Friday, November 23, 2012

The Cinema File #36: "Alter Egos" Review


After my recent vampire obsession, I thought I'd indulge in one of my other passions for the next set of movie reviews, with a look at two recent straight to DVD superhero movies. First up, an examination of super heroic identity crises - Alter Egos.

Comedic deconstructions of the superhero genre can be sort of hit and miss. One of my favorite superhero movies of the modern era is a little known satire called The Specials, about a team of superheroes on their day off; it's subtle, short on special effects, and just a great character piece starring Thomas Hayden Church before everyone knew how awesome he was. And yet, ten years later, the same writer James Gunn tackled the same subject with Rainn Wilson in Super, and apart from an engaging villain in Kevin Bacon, it really missed the mark for me. It seems a lot of movies follow this latter example of late, with Woody Harrelson's Defendor and Michael Rappaport's Special all taking the tack of the superhero as crazy person, which makes sense, given how insane one must have to be to put on a costume and fight crime, but also rings hollow for me, because of how much the little kid in me always wanted this kind of thing to work out in the real world. I want to embrace the insanity of superheroes, not step away from it and constantly point out how it would never work that way in real life. It's why the movie Kick Ass works so well for me, because it takes on that cynicism head on and plays at validating it, only to cast it aside by the end with a rocket launcher to Mark Strong's face. Today's film Alter Egos, while eschewing the hyper violence of Michael Vaughn's film, is a respectful tribute to comic book superheroes, poking fun at the absurdity of the idea while still maintaining a love for the kind of material that inspired it.



The story follows The Fridge, an ice controlling superhero struggling with the fact that his girlfriend is having an affair with himself, cheating on his secret identity with his super heroic persona. His personal problems come to a head during a routine prisoner transport with his partner, the X ray eyed C-thru, when a conspiracy threatens to ruin both of his lives. The first thing most people will probably notice is the no doubt deliberately chintzy costumes of the two superhero leads, which I took as a nice nod to the bright colors of Silver Age costume designs, though I imagine many will find it distracting. Its only the first indication of this movie's obvious love of the genre, going out of their way to avoid the post X-Men bad-ass leather look, and it sold me right away. The super powered characters look so out of place and alien compared to everything else, which is as it should be, and sets the oddball tone of the film very well. And like The Specials, the comic book elements are always understated. There are no epic battles or effects laden set pieces, and very few demonstrations of supernatural abilities, just enough to establish that they exist and that they are a common place part of this world, so that the characters who have these powers can be explored.

The world of the film is established very quickly, one in which superheroes are maligned and facing government cut backs, thanks to most of the world's super villains being behind bars, and the execution is simpler than I would have thought it could be given all the character relationships involved. None of the characters were instantly likable, and in some cases they were downright unlikable or boring, but for the most part, they all grew on me by the end. Fridge's obsessive division between his identities came off as a little too silly at first, but by the time he has his ridiculous confrontation with his girlfriend over their two person threesome, it works, and is punctuated by perhaps one of the funniest single lines in the film. The conceit of this thread and others hinges on the idea that these cheap costumes are somehow actually concealing their identities, which strains credulity, but no more than Clark Kent's glasses or Oliver Queen's beard.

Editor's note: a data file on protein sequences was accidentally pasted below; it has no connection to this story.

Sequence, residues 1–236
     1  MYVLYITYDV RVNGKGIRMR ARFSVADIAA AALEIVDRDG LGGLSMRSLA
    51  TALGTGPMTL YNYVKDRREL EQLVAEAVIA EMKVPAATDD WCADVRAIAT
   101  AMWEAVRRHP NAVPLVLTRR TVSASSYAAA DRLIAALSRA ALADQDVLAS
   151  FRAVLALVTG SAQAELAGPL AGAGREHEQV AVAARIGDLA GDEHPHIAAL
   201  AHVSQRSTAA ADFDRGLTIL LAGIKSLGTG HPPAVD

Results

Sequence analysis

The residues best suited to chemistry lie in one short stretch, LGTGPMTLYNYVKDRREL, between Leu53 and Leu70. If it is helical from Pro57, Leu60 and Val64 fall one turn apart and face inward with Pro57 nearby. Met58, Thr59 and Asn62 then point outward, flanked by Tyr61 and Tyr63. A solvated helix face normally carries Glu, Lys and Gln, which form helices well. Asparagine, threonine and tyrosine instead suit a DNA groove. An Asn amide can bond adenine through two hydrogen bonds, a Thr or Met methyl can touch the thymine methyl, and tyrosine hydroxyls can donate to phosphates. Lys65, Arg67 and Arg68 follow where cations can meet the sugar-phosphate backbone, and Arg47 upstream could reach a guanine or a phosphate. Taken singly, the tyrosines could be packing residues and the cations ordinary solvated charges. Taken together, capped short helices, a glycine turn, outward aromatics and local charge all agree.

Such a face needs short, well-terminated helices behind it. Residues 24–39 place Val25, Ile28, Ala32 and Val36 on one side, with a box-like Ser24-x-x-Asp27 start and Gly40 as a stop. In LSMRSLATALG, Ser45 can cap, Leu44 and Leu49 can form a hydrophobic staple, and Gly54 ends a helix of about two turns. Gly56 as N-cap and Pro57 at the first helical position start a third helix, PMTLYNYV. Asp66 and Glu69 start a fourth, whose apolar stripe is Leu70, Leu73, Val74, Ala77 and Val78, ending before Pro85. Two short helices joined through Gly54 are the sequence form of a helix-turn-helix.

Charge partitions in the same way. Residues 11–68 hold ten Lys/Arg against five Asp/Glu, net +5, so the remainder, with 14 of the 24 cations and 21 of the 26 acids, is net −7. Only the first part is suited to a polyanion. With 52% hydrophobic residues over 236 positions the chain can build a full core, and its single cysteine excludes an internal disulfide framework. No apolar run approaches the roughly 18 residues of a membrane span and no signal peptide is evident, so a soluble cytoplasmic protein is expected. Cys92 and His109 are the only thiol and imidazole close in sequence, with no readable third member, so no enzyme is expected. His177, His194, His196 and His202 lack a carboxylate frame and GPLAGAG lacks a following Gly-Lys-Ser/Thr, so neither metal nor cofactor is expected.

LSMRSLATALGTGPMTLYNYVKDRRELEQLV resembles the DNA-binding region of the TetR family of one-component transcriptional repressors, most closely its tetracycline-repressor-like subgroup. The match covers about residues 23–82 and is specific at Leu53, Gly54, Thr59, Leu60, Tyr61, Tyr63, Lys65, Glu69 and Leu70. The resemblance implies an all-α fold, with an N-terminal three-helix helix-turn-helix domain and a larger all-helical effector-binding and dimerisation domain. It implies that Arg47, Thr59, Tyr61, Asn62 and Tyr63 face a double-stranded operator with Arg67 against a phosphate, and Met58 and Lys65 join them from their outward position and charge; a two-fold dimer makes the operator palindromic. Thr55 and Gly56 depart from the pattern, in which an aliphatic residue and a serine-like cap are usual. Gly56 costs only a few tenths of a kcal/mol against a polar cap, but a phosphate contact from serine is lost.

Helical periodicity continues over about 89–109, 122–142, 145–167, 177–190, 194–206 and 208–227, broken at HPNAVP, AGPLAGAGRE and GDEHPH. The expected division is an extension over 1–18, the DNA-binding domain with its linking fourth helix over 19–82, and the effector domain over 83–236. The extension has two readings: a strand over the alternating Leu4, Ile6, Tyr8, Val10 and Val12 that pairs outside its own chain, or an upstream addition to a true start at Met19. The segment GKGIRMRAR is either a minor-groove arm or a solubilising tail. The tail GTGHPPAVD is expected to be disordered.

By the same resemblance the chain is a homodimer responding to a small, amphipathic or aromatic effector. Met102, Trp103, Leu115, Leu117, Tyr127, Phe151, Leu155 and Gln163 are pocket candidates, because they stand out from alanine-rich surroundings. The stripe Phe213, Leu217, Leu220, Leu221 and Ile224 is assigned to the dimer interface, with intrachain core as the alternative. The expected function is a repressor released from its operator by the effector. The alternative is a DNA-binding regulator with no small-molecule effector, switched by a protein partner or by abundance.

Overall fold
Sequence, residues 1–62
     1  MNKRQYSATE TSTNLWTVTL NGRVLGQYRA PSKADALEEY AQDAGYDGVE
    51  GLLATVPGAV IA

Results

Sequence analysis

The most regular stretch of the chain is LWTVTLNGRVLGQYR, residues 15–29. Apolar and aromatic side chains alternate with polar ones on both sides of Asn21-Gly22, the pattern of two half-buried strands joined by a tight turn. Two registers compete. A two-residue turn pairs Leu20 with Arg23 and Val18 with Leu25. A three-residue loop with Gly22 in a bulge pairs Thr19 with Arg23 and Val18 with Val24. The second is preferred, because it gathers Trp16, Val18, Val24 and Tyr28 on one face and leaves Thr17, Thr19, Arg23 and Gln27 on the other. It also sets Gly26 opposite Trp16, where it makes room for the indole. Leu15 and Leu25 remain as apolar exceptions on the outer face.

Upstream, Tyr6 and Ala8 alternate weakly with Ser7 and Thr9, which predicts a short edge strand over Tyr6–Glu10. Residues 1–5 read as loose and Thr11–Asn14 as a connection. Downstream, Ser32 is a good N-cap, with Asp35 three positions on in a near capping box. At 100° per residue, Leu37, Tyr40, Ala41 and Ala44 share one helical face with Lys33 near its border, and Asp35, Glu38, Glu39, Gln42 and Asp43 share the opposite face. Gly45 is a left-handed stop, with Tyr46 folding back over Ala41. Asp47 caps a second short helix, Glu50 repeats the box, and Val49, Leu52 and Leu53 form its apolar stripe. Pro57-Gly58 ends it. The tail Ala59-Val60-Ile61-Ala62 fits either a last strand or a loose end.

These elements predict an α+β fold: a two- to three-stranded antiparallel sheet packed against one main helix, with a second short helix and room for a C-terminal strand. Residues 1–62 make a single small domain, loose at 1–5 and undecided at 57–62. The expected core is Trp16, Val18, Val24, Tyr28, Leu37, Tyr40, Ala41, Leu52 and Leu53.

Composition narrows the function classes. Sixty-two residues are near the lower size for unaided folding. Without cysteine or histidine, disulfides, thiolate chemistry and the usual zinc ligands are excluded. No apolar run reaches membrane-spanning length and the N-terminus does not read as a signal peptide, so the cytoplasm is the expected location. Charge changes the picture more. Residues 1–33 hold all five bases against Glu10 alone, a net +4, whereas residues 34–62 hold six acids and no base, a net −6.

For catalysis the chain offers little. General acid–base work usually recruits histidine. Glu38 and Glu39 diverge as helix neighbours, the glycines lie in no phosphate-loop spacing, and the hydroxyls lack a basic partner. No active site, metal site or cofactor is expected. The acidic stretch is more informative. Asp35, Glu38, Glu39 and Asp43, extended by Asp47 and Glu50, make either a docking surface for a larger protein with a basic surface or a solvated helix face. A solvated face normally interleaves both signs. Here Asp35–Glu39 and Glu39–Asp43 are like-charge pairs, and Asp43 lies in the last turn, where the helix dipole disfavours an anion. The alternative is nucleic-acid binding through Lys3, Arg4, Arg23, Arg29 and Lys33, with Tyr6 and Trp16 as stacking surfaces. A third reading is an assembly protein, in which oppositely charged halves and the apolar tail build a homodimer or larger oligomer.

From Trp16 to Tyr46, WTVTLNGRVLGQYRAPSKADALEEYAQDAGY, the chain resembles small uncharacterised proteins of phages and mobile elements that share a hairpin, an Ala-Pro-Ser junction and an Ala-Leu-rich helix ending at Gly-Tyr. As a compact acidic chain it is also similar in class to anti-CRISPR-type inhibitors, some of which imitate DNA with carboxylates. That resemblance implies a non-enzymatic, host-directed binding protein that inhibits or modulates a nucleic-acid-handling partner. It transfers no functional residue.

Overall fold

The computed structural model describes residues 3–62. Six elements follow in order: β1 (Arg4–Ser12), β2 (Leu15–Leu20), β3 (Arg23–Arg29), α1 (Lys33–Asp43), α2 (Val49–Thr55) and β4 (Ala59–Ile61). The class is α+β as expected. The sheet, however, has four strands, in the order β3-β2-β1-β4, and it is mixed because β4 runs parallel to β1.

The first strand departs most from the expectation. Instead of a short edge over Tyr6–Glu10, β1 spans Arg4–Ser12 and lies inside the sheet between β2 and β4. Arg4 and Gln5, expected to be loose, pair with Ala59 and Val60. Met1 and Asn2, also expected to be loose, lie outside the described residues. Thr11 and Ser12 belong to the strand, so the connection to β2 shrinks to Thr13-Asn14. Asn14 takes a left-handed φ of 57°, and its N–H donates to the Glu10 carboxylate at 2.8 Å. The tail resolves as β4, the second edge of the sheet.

Alter Egos does what most movies of its type fail to do, going beyond the satirical dimension and setting out to actually tell a solid story about super heroic exploits even as it takes the opportunity to tweak the stereotypes therein. As The Fridge encounters probably the first real super villain he's ever met and learns a terrible secret about his own family's past, the movie jumps from self-aware genre parody to genuine comic drama, gradually building a superhero world rich enough that I want to see it expanded in other films, or at the very least an actual comic book continuation. If I had one major complaint, its that the ending shifts around quite a bit tonally, giving us what I would almost describe as a Whedon-esque unnecessarily tragic ending, and then faking us out with a plot twist that was at once too predictable, and not as well established as it could have been. It by no means ruins the movie, but when so many other things set up in the beginning pay off so well by the end, it was a bit jarring to have it go so far off the rails, and then spring back again.

Overall, if you have any interest in superheroes, genuinely or ironically, I'd say this is a pretty safe bet for a recommendation. Even if you aren't that into superheroes, there's probably enough here in the character relationships and mostly spot on funny dialogue to engage you enough for two hours. Its the kind of small scale indie movie I can get behind, without pretension or the unchallenged celebration of arrested development of, say, Safety Not Guaranteed. If and when you get a chance, check it out.

Next up, a documentary about real life superheroes that will warm the heart of all but the most cynical bastards. See you next time.
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